Tag: stringybark publishing

Time for a story

Time for a story

Hi there, I decided to try something new. Story time! Yes, once a month, I will post one of my short stories for you to read. Some of them have won awards and been published in anthologies but some are just sitting around flicking their pages, bored in my doc folder. So, it’s time for a little story.

This story was a winner

This is one I submitted last year and won a highly commended award for. Stringybark Publishing included it in their anthology. What a surprise this was as this was the first time I ever entered a short story competition. David Vernon, judge and editor, wrote.

G’day Joni,

By now you will have read the good news on the Stringybark Stories website or on Facebook, so please accept my congratulations on receiving a Highly Commended in the Stringybark Short Story Award 2022.

With 287 entries submitted to the competition to be chosen as a highly commended and published author is an impressive achievement. Your story has been edited and published in our newest anthology Fruitcake Frenzy.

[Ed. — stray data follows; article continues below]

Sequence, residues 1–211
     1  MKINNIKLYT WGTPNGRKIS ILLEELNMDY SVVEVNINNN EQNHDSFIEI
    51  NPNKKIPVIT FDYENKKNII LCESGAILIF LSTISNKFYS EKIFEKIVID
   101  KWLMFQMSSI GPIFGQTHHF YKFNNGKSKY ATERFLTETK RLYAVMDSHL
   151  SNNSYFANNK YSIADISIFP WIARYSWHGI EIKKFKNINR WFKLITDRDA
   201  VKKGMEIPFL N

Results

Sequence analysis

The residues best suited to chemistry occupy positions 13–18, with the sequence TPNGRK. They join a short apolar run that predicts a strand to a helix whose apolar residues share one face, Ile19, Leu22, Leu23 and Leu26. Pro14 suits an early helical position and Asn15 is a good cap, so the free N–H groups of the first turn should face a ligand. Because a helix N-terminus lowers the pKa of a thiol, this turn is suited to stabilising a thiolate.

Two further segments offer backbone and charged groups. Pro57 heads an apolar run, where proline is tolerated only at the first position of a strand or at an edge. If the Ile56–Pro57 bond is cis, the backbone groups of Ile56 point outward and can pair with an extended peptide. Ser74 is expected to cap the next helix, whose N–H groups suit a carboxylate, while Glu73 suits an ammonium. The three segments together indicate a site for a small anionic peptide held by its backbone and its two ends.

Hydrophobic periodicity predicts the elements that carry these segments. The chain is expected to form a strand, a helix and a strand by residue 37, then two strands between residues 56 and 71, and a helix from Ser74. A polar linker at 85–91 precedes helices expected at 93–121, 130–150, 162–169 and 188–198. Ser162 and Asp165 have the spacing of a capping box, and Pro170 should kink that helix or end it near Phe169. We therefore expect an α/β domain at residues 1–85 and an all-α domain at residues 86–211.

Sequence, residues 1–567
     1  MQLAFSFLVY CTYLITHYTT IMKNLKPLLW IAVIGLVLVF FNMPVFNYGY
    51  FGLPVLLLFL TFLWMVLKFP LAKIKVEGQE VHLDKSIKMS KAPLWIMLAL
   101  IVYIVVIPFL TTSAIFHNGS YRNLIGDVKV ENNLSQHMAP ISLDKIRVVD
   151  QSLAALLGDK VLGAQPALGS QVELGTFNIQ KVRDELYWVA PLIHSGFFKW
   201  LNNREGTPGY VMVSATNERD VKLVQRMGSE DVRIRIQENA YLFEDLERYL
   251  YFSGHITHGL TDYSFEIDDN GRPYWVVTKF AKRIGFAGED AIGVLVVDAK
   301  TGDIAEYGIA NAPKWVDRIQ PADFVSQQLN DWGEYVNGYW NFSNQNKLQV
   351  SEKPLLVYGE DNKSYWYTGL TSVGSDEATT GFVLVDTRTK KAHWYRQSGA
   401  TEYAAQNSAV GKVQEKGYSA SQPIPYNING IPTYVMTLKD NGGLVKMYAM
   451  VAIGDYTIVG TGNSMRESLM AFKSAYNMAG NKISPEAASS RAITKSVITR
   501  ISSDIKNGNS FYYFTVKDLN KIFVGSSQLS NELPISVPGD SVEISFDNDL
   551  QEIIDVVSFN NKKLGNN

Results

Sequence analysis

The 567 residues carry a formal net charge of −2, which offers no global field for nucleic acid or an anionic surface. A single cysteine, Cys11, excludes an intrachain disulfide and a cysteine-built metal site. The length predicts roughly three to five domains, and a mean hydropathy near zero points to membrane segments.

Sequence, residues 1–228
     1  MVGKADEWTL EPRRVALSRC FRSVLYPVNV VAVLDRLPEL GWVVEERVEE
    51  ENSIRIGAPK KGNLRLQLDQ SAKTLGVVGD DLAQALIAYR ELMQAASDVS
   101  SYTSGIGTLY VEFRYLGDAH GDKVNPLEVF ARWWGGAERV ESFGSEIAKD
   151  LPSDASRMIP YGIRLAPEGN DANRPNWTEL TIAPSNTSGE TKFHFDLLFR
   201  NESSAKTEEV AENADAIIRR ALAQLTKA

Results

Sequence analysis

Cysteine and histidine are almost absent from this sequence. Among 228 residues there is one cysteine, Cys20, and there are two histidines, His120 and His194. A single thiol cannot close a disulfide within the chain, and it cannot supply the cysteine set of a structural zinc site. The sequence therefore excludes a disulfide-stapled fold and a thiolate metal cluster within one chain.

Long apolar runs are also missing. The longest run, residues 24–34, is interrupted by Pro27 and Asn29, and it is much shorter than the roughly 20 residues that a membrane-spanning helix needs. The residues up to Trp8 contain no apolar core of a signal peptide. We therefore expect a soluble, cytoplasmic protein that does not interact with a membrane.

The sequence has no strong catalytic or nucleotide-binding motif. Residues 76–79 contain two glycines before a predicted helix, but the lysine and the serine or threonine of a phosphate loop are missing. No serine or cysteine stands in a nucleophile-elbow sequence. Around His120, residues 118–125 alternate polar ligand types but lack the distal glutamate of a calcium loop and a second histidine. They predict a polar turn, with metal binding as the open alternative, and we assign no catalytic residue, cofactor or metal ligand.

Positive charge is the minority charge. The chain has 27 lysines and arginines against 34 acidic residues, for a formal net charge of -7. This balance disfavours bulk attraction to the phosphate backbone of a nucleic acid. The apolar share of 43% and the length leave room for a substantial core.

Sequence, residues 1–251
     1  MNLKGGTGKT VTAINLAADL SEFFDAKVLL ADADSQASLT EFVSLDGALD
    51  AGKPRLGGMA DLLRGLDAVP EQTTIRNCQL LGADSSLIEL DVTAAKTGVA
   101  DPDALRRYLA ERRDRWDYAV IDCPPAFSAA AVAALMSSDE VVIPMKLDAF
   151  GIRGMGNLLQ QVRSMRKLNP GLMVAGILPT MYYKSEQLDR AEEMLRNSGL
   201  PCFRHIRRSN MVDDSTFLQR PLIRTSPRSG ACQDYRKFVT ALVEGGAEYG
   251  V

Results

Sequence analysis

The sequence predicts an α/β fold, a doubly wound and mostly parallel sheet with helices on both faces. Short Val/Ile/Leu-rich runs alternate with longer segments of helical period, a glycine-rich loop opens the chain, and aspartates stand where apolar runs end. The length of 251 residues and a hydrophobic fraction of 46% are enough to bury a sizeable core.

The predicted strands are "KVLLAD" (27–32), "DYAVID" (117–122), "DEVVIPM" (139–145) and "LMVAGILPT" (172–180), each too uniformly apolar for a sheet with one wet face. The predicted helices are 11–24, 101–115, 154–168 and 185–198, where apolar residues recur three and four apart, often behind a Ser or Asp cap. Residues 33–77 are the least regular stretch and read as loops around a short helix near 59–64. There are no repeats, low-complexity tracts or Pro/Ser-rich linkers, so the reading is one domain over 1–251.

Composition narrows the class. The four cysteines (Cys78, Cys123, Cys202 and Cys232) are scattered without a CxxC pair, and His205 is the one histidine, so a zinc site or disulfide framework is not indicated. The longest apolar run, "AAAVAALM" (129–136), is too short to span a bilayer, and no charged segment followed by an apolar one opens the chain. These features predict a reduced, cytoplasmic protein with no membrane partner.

Here’s the story. I am calling it ‘Honeymoon in Paris’ but it was published as ‘Karl or not Karl’, in the 2022 analogy called Fruitcake Frenzy. The anthology is named after the winning story. So no fruitcakes in my story.

 

Honeymoon in Paris

After the whispered vows, the exchange of rings, we sealed our commitment with a kiss. Our wedding was the ultimate realisation of my fairytale dream. It felt perfect, looked perfect in all its expensive detail from the meringue puff dress, the gold-edged place cards to the tango we danced expertly before the gathering of guests. That afternoon, I had it all plus my gorgeous Karl.

But it takes two to tango. By the end of that night, our wedding night, there would be just one, not two.

‘All the best!’ ‘We love you!’

The well-wishers gathered around the stretch limousine as we left for our honeymoon. Such a sweet word suggesting a holiday filled with love, romantic candle-lit dinners and starry nights.

The Eiffel Tower

The hotel, as lavish and elegant as our wedding venue overlooked the Eiffel Tower and the arrondissements of Paris. The national symbol lit the night sky like a golden jewel, reminding me of the tiny gilt replica attached to my key chain. How I loved Paris! I stood at the window in wonder as Karl popped the champagne bottle, turning at the sound to smile at my handsome husband.